Credit Center for American Progress

A new analysis ranks Oklahoma 48th in the nation for how women are faring in 36 different economic, leadership and health indicators.

The report was released on Wednesday by the Center for American Progress, a Washington, D.C.,-based non-partisan research and educational institute.

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World Views
4:30 pm
Fri September 6, 2013

World Views: September 6, 2013

Joshua Landis, Rebecca Cruise and Suzette Grillot talk about the fear in Japan that the amount of contaminated water at the Fukushima nuclear power plant is getting out of hand, and increasing number of attacks and violence against women in India.

Later, a conversation with about indigenous people and issues in Guatemala with Francisco Calí. He’s the only indigenous member of the United Nations Committee on the Elimination of Racial Discrimination.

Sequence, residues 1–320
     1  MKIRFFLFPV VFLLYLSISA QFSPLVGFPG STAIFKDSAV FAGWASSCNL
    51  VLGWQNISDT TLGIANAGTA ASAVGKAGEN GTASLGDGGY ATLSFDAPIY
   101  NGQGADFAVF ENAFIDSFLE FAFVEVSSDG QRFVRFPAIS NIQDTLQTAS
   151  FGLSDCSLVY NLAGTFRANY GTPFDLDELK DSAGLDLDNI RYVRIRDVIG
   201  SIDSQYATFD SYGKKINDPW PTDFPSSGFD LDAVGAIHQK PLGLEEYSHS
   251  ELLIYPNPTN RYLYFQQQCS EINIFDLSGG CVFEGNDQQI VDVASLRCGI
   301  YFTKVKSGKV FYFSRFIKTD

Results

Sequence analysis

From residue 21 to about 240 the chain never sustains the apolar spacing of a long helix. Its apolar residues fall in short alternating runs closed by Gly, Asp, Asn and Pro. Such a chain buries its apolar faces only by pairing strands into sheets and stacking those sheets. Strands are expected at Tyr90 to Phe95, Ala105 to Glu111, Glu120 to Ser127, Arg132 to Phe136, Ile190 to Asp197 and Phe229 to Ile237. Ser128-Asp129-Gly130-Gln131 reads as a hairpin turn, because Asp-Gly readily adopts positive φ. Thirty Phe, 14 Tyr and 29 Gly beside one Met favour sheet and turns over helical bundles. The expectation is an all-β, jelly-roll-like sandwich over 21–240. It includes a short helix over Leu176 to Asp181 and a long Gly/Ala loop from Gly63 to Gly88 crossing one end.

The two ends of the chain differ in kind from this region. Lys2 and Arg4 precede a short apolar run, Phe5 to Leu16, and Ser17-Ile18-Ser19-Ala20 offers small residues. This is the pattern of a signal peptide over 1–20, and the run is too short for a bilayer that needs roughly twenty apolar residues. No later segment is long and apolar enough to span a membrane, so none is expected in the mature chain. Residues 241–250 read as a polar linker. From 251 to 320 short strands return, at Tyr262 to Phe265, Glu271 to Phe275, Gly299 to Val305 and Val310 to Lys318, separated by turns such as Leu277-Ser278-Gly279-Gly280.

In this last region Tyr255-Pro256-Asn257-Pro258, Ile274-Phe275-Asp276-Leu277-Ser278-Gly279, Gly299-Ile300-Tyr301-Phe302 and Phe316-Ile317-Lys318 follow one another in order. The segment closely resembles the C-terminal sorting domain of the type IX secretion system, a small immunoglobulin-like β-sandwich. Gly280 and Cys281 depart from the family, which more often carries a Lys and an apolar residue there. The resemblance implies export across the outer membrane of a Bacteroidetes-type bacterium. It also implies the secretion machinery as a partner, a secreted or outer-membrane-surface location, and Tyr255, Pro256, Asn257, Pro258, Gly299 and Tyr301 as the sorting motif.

World Views
2:05 pm
Fri September 6, 2013

India Gang Rape Puts Spotlight On Broader Worldwide Sexual Violence

Protesters at India Gate in Delhi demanding the government to take action after the gang rape - Dec. 21, 2012.
Credit Ramesh Lalwani / Flickr Creative Commons

A fast-track court will give a verdict next week in the trial of four men accused in the gang rape and fatal beating of a woman on a New Delhi bus last year.

The assault caused nationwide outrage and forced the government to change rape laws and create fast-track courts for rape cases.